As Wearables Get Hot, These 6 Industries Are Poised to Capitalize
The wearables revolution is coming. Here are the top industries that will cash in on the skyrocketing trend, according to a new report from PricewaterhouseCoopers.
Opinions expressed by Entrepreneur contributors are their own.
Just as smartphones have forever altered our daily lives, the revolutionizing impact of connected gadgets made for us to don on our bods will ripple well beyond our wrists, waists and faces, according to a report out today from PricewaterhouseCoopers (PwC).
The gist of the 50-page The Wearable Future report: Wearables will be "the next big thing," with some 130 million wearable devices expected to ship by 2018 -- and the wearables industry on the whole forecast to gross nearly $6 billion, also by 2018. This, of course, offers a "competitive opportunity" that companies should have a game plan for by now.
"Businesses must evolve their existing mobile-first strategy to now include the wearable revolution and deliver perceived value to the consumer in an experiential manner," says Deborah Bothun, PwC's U.S. entertainment, media and communications leader.
Related: Microsoft Finally Makes a Move in the Smartwatch Sector
If your business is in one of the following six industries PwC says is best poised to take advantage of the wearables trend, it's time to up your game:
Companies that fall in this broad category are likely in the best position to benefit from the burgeoning wearables movement, PwC reports. "Basically, where there's a screen, there's an opportunity," the report posits.
Of PwC's 1,000 survey participants -- which included consumers, wearable technology influencers and business executives -- 73 percent expect wearable technology to make media and entertainment experiences "more immersive and fun." They're not looking to wearables "to create new genres of communication and entertainment--but rather to improve those already in existence," according to the report.
Related: Can the Apple Watch Win the Wrist?
Of those polled, millennials were the most open to trying branded wearables offered by media and entertainment companies. No surprise there.
2. Social media
PwC found that consumers want even more on-the-go access to their favorite social networks via wearables. This is especially true of always-on millennials, who were three times as likely as the general population, PwC says, to name real-time social-media updates as a key benefit of wearables.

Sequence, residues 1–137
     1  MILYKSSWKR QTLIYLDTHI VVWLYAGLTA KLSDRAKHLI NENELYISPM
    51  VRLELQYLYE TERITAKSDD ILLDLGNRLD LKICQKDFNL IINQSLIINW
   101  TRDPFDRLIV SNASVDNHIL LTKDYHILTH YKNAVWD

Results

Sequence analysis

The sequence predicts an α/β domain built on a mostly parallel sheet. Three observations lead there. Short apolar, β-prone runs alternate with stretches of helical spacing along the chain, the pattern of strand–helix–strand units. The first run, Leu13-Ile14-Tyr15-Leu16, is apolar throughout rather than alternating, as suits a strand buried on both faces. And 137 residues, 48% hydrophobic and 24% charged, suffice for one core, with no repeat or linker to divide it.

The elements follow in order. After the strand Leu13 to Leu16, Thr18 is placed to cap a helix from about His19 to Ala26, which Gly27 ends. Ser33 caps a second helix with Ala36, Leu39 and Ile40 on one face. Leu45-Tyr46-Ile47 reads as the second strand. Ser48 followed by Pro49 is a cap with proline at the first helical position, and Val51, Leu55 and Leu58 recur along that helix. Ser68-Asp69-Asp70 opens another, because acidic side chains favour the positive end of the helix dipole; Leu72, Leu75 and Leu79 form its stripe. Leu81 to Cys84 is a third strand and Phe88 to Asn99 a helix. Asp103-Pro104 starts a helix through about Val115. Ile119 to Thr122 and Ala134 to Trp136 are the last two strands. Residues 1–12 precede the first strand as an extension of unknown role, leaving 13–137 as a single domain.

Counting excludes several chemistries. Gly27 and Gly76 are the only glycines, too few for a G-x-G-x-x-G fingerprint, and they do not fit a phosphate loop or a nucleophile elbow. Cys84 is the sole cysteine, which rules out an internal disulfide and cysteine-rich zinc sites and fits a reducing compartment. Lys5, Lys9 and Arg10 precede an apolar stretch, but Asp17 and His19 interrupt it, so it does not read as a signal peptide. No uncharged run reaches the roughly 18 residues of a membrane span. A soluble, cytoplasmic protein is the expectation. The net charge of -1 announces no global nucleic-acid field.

Ninety-seven percent of American children ages 12 to 17 play an average of at least one hour of video games per day -- games that wearables could render more visually and physically engaging. Of the consumers ages 18 to 24 that PwC polled, 64 percent say they would be "motivated by" wearable-integrated gaming.
Related: Welcome to the Weird World of Mixed-Reality Gaming
In other words, the future of gaming will not be televised. It will be worn. Think literally on-your-face, 3-D virtual reality gaming via Oculus Rift and you're there.
More wearable screens equal more places for marketers to -- you guessed it -- advertise. After all, wearables are portable "blank canvases for highly targeted message placements, especially in the form of content with greater relevancy and context to the user."
Advertisers are already pouncing on wearables, devising new, clever ways to deliver personalized marketing messages directly to people who don Google Glass, smartwatches, virtual reality headsets and you name it. If you can wear it and stare at it, the advertisers will come.
Related: Apparently You Can Become Addicted to Google Glass
A fast-growing crop of wearables already help health-conscious people monitor everything from calories consumed and burned to steps taken to sleep and more. Now, forward-thinking companies in the $2.8 trillion U.S. health-care industry are exploring ways to drive engagement and, yes, derive profits from the data all those wearables in the wild capture. It was just a matter of time.
PwC highlights Walgreens as emerging leader in this new, yet already hotly competitive space. The company is funnelling wearable-sourced data from more than one million customers (using Fitbit, iHealth and Jawbone trackers) in exchange for points that can be used like cash in its stores and on its website. The big idea: Make healthy choices, give us your data and we'll give you rewards. So far, it's working.
Related: 5 Ways Tech Is Forever Changing Fitness Franchises
Expect a slew of additional health- and wellness-focused companies to follow suit. In the years ahead, PwC sees many offering a variety of wearable-related incentive programs, and consumers being largely receptive to them.
Wearables will soon play a central role in our everyday retail experiences. Unfortunately they'll likely also be as haunted by privacy and data breach threats and concerns as all other things digital these days.
Related: Seeing the Future of Wearables in the Workplace
In PwC's research, millennials expressed more interest in wearable-enhanced retail interactions than others surveyed. Busy parents want in, too, with 76 percent saying they'd like to use wearable tech for more "pleasant, efficient" shopping experiences -- from pre-store and in-store product and deal research and comparison, all the way to the checkout.
While still only in its nascent stages, the wearables market is expected to explode. Many say wearables will forever change the way we live, work and do business. To remain competitive, your company might have to adopt a competitive wearables-integrated edge. Are you ready?